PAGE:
A settlement of differences by mutual concessions.
So, the road to avoiding a national debt default has hit yet another obstruction, as the House rejected the Senate bill to raise the debt ceiling, continuing the ongoing volley of opposition that leads us closer to higher interest rates, lowered value of the US dollar, and other such consequences if such a default were to occur.
While I don’t claim to be an expert on current affairs or US history (relevance later), I want to say that I’m tired of the bi-partisan bickering that is preventing a solution from being reached and ratified. Both parties hold a pride over politics attitude, and for good reason since the over turn in the House reflected support for a ‘never compromise’ attitude (CNN). The left criticizes the right as favoring the rich too heavily, and the right criticizes the left as being out of touch with American principles of a free economy, and neither side it seems, until very recent, and in the face of the reality of a default, has made steps to bridge the gap between the two views.
Adamancy is a respectable quality, but it doesn’t fly in politics (which, coincidentally, is the art of compromise). This country was built on compromise. The three institutions responsible for composing and approving the budget are the direct results of compromise during the formation of our Constitution:
The Great Compromise – at the Constitutional Convention, a concession was made between the Virginia plan (representation based on population) and the New Jersey plan (equal state representation) to form the bickering bicameral legislative body we see today.
Presidential Compromise – The original Articles of Confederation didn’t provide for a chief executive, and the process by which we elect the President today is a compromise between popular election and informed election. So, today, we vote for electors (who, in actuality tend to just roll with the popular vote by state) who then vote for the Presidential nominees.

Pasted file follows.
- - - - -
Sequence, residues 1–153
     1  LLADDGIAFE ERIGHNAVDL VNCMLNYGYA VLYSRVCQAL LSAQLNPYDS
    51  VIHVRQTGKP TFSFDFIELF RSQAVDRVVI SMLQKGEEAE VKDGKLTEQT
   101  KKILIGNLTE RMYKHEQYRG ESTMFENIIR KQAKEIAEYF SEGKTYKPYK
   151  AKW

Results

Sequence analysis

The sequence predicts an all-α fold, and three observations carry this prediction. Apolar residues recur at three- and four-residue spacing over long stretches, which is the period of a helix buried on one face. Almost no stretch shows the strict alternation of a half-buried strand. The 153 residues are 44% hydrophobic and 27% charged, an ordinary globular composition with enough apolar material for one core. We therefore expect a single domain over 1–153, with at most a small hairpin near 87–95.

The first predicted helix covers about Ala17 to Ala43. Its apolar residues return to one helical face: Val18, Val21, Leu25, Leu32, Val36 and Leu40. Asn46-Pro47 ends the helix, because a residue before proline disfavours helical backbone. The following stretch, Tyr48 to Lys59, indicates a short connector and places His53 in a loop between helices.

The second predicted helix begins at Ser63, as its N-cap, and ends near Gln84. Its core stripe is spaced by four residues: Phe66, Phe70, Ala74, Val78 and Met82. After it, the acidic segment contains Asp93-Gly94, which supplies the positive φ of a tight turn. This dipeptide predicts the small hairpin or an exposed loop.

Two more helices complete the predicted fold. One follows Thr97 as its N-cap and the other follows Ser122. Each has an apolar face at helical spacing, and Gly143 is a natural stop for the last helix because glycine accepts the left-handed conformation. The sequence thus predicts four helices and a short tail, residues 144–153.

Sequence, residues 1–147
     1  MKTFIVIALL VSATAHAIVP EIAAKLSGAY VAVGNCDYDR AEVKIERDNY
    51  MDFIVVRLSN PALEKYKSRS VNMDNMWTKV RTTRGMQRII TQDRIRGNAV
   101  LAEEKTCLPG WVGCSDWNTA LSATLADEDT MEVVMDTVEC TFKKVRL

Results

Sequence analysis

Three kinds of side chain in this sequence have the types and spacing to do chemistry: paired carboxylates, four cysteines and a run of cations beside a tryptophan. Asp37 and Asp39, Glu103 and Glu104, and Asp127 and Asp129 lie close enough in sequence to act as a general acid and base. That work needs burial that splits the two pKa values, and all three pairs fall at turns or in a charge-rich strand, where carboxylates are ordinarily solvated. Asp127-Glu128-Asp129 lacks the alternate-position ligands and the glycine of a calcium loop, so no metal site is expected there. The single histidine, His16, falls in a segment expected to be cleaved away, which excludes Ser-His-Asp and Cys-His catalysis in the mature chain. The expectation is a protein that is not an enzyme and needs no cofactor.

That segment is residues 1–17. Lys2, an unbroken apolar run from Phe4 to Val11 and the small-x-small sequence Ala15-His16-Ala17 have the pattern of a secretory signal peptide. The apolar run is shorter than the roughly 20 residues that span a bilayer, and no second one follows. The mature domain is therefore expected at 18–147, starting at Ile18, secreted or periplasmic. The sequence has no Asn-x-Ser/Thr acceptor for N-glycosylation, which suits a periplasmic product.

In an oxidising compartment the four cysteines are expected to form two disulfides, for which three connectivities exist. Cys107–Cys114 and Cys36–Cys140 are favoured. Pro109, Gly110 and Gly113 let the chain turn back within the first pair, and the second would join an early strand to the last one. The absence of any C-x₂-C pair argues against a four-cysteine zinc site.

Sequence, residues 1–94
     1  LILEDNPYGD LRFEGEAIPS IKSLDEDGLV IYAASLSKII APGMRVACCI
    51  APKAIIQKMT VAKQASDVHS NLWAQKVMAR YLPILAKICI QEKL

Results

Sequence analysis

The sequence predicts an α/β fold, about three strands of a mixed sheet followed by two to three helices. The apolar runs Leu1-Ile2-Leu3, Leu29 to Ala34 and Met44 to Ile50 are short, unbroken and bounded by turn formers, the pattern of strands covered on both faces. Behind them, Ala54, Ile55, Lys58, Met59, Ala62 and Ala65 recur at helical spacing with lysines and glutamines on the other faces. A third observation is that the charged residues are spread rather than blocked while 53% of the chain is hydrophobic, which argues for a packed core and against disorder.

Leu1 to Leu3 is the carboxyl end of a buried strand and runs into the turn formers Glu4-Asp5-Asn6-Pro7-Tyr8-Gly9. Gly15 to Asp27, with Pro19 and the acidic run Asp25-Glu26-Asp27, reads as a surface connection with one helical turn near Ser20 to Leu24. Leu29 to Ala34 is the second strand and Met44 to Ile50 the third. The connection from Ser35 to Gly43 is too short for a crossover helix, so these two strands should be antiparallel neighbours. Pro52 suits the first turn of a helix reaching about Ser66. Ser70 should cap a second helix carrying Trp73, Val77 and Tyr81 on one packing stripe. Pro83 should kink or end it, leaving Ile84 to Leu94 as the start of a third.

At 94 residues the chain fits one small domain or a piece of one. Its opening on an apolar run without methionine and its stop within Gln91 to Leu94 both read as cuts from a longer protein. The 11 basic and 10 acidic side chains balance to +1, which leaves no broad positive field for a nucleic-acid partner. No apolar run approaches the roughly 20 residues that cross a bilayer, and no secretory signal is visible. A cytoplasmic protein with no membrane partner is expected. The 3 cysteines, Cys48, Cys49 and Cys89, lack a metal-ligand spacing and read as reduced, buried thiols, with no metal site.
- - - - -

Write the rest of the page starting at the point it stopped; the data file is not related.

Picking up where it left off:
In the American political system, policy can only be made if concessions are made by those who form it. The right is correct (I think) in saying that too high of taxes or too much government involvement can cripple economic development. The left is correct in saying that raising the debt ceiling is necessary for avoiding default, but that just gives room for more spending that has been characterized by growing government in the past decade. Every time the debt ceiling has been raised, it’s had to have been raised again.
So? We need to compromise. President Obama calls for this, but at the same time piggybacks on Reid’s plan and says he will not pass Boehner’s (which includes a short-term debt ceiling increase), and doesn’t exactly have a proposition of his own other than critical rhetoric and appeals from an ‘American just like you’ (Address).
The Republicans need to agree to raise the debt ceiling (and they have) and also raise taxes a bit. The thing is, taxes are low, but they may be too low. We tax 13% of the GDP, but spend nearly a quarter of it (David Stockman). So, the left needs to agree to cut more of spending, through entitlement reform perhaps. And we need to let them. Sure, the benefits may be a great aspiration, but they cost much more than they’re worth at the moment, and our fiscal plans can’t handle them at the moment. OH, spending. It has been a bi-partisan problem.
So, when this is all over with, whether by a passed resolution or a default, work on passing the balanced budget amendment. It’s obvious that one can’t be held for long without some higher power, like the Constitution, demanding it. Maybe we could take Warren Buffet’s advice.
That concludes my little rant, however you may see it.
Quit whining about not getting your own way. In a nation with 300 million people, and over 500 governing individuals, the best way for everybody is for everybody to give a little. Find the middle road.
Cut spending drastically, increase revenue moderately, raise the debt ceiling temporarily, and work on long-term solutions to what has been a long-term problem.
It’s always nice to have a third point.